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Journal of Experimental Medicine
The Rockefeller University Press
Publication Date
  • Article
  • Medicine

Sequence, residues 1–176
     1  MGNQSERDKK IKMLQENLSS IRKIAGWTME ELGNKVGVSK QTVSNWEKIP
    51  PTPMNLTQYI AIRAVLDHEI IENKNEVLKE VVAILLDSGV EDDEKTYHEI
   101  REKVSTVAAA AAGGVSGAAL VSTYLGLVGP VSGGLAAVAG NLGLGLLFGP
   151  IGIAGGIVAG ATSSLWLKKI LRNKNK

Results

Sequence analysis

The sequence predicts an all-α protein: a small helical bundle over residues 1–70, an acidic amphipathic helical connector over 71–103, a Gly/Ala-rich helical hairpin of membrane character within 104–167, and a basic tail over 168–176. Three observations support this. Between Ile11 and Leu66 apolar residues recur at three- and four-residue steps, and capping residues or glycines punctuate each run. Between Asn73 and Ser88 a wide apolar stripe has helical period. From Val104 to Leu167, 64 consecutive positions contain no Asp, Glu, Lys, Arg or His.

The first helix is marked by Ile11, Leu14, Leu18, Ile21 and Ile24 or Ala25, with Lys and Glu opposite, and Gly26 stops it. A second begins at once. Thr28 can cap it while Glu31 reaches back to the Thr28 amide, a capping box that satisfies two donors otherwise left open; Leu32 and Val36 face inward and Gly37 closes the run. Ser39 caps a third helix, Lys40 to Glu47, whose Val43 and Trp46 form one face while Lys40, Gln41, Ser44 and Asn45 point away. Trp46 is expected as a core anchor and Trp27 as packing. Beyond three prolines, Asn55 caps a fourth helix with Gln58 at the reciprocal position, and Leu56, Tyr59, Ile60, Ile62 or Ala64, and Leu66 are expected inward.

In the preceding experiments observations have been reported upon the nature of herpes virus which confirm the suspicion that the virus is intracellularly located in the infected nervous system. In regard to the immunological conditions existing in this disease, our experiments have reaffirmed that herpes virus can be neutralized with the serum of actively immunized animals and have offered an explanation for the irregularity of the results of others, as well as our own. It has been found that brain extracts possess some virus-neutralizing power, but considerably less than the serum of the corresponding animals. Attempts at passive immunization with neutralizing serum were uniformly negative, even when the serum was introduced into the cisterna magna 12 to 24 hours before infection with the virus. It has been shown that active immunity can be attained only when some degree of reaction to the living virus has occurred. Rabbits which survived neutralized serum-virus mixtures did not acquire immunity nor did those treated with virus phenolized to the extent of actual destruction. This point suggests a reinvestigation of the Semple method of rabies immunization. In so far as our studies touched upon the herpes-encephalitis problem we have uniformly failed in attempts to transfer herpes virus directly from man to rabbits. These results are in contradiction to those of most of the earlier workers, but in keeping with the recent reports of Flexner and Amoss. Attempts to overcome the difficulty of transfer by the recently published technique of Perdrau were unsuccessful. Furthermore, animals repeatedly treated with human encephalitis material, either fresh or glycerolated, as practised in the Perdrau method, failed to acquire the slightest degree of immunity to subsequent herpes inoculation. By the inoculation of very small doses or by infection of partially immunized rabbits, as described above, we have succeeded in modifying the characteristic herpetic syndrome in rabbits in a manner which simulates many of the clinical features of human encephalitis. Our own experience forces the conclusion that no valid proof exists upon which can be based an assertion concerning the identity of the virus of herpes with that of encephalitis lethargica. Either the two viruses are entirely unrelated, or else prolonged sojourn in the central nervous system of man attenuates the virus for rabbits to an extent analogous to that in which rabies virus is attenuated for man by passage through rabbits. The isolated successes of Levaditi and of Doerr and their assistants might thus be regarded as fortunate exceptions in which material incompletely attenuated had been at their disposal. We suggest this point of view as an alternative working hypothesis largely because the results we are reporting, as well as those of Flexner and Amoss, are in flat contradiction to the reported successes of earlier workers and the more recent experiments of Perdrau. The experiments of the latter, as described, cannot be explained by the occasional existence of spontaneous encephalitis in his rabbits, nor by the assumption that a herpes virus fortuitously coexisted with that of lethargic encephalitis in his material, inasmuch as this material alone at first injection or in the unglycerolated state failed to infect. It is also possible to conceive that human beings may, by repeated skin infections, attain a not inconsiderable partial immunity to herpes virus, which would explain the nature of the clinical course (as in our partial immunity rabbits) as well as the innocuousness of direct injections of herpetic virus into man, as reported by Bastai and Busacca, and the finding of herpes virus in human beings not suffering from lethargic encephalitis. These suggestions are discussed in order to give this important problem the broadest possible consideration. For the time being, however, such reasoning cannot be taken as more than a logical possibility impressed upon us by our partial immunization experiments. All other experimental evidence obtained by direct inoculations with the limited material at our disposal tends to render identity of the two varieties of viruses unlikely.

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